Bocephus King – Joco Music | LISTEN | ”A great album for a road trip – packed with excellent musical talent from our area. Can’t recall how I discovered BK … but have had great opportunities to see him play at Tofino’s Legion and the Railway Club.”

ALL DEFINITIVE RECORDS

DEFINITIVE RECORDS | The 3 Albums That Anchor The Tastes Of Super Vancouverites

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by Maya-Roisin Slater | Definitive Records asks interesting Vancouverites to pick the three albums that anchor their musical tastes. Today we hear from local visual artist, musician, and producer Eli Muro. To see beautiful works by this jack of many trades, visit his website here.

Bill Withers – Still Bill | LISTEN | “Bill Withers is one of the most honest musicians I have ever heard. His topics are so real and he’s not afraid to make music about harsh realities. Yet at the same time he can make a song like “lean on me”. I feel like he’s giving me life advice when I listen to this album. “Still Bill” is the full spectrum of good honest soul music and real talk, a lot of the songs on this album have had the ability to make me cry.”

Nas – Illmatic | LISTEN | “Hip Hop was the first genre of music that I fell in love with, and “Illmatic” was on repeat for most of my adolescence. Nas came out in the “golden age” when hip hop was new and exciting. He was just making the kind of music that felt natural to him. Now when he tries to make a pop song for the radio or something it sounds forced, but this was his first album where he’s just being himself, which is why I think it’s such a classic.”

Flying Lotus – Cosmogramma | LISTEN | “This album blew my mind. It’s everything I love: hip hop, jazz, electronic and experimental all in one package. Flying Lotus seems to have no boundaries, he just goes everywhere with his art. The string arrangements by Miguel Atwood Fergussen are next level and I think the balancing of subtle atmospherics and intense complexities are just perfect.”

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GOODS | Music Direction’s July Playlist For Prohibition Brewing Co.’s New Tasting Room

Scout Series ~ Prohibition Brewing ~ from Music Direction on 8tracks Radio.

The GOODS from Music Direction

Vancouver, BC | Music Direction’s playlist for July highlights Kelowna-based Prohibition Brewing Company. The folks from Prohibition recently opened a beautiful Tasting Room on Hamilton Street in Yaletown. Bringing you back to a time when ordering a beer was worth the risk. They commissioned Vancouver artist Rory Doyle to hand-render all their beer labels and logos. Their music program will make you want to get comfy, stay a while and share a beer with the likes of Jack White, Afie Jurvanen and The Rolling Stones. Full tracklist after the jump… Read more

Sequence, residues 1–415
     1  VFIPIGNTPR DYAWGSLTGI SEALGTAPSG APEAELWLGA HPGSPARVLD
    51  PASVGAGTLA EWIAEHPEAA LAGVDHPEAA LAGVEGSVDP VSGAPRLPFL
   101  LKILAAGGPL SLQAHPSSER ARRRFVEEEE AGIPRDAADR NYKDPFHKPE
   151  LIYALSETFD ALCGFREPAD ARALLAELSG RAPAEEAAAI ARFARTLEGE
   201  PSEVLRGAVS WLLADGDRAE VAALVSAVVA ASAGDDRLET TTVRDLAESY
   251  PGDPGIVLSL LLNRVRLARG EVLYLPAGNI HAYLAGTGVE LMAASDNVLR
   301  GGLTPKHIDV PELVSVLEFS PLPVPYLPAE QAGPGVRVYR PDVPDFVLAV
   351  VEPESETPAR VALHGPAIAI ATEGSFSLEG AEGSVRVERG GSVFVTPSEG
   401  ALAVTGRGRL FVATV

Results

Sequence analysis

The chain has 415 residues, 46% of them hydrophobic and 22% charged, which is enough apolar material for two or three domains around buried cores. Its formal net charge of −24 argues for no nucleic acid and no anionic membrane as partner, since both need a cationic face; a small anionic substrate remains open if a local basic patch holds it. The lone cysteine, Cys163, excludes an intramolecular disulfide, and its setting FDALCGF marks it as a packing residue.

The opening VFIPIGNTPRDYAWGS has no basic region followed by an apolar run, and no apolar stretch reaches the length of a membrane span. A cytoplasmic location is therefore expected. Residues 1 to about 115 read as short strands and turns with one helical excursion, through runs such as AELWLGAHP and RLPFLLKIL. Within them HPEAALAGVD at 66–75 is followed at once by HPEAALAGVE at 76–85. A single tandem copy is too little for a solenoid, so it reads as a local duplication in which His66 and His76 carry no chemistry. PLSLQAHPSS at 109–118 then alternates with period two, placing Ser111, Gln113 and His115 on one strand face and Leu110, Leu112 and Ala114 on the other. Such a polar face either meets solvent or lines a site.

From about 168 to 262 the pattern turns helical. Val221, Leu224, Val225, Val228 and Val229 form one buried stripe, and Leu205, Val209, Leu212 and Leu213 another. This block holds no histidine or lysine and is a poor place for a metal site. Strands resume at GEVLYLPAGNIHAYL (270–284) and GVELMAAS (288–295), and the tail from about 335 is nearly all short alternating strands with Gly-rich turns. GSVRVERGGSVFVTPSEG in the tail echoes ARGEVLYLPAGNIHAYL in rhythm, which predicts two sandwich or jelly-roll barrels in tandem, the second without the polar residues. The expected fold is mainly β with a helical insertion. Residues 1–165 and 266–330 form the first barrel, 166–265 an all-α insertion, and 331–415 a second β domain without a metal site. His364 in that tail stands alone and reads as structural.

SOUNDTRACKING | New Foursome ‘Frankie’ Dials In Their Sound, Gets Set For Festivals

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by Grady Mitchell | Vancouver quartet Frankie, comprised of singer/guitarist Francesca Carbonneau, keyboardist Nashlyn Lloyd, bassist Samantha Lankester, and drummer Zoe Fuhr, have pioneered their own new genre based on their distinctive style of dark, folky music. They’re calling it “twinkle rock”.

That’s not to say everything in the Frankie universe sparkles. The delicate beauty of Francesca’s voice and the intricately woven instruments masks the dark core of their music. “It’s kind of like when a dream interferes with a nightmare, and all of that happens in one song,” says Zoe. The collision between those two extremes – the immense possibility of dreams with the nocturnal tortures of nightmares – is where twinkle rock happens.

In various ways, almost every Frankie song embodies this. Powder, despite its light and airy instrumentation, lays out an emotional spiral and some none-too-healthy methods of coping. The frantic pace of Someone Once mimics the story of mental decay it spins, just as the steady, forbidding rhythm of Painted Birds amplifies a tale of romance gone dark.

Formed in December 2013, the band has faced most of the challenges arrayed against a new act, compounded by the stereotypes facing an all-girl group. “You have something to prove,” the band agrees. Most common is the genuine, post-performance surprise that audience members show at their live shows. But those kinds of reactions just motivate them to work harder. “We can’t just be cute up there,” says Nashlyn. “We have to be good.”

The momentum they’ve built over only six months is a testament to that, and shows no signs of slowing. On Saturday, July 26th the band will play a show at Sitka on West 4th. They have two festivals scheduled later in the summer: Edge of the World on Haida Gwaii on August 9th, and another at Ponderosa Festival at the end of that month. After that, they plan to hole up for the Fall and get an album done. For more from Frankie, check out their website.

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ZULU REPORT | All Of The Awesome Sounds That You Should Be Listening To This Month

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by Nic Bragg | From Kitsilano’s Zulu Records, we once again present our monthly Scout feature, the Zulu Report. Within, you’ll find The Track – the song on heavy rotation in the shop this week; The Playlist – our selection of videos; The Gig – the “must-see show”; and The Glance – which details the best gigs on the immediate horizon. From our ears to yours, enjoy… Read more

DEFINITIVE RECORDS | The 3 Albums That Anchor The Tastes Of Super Vancouverites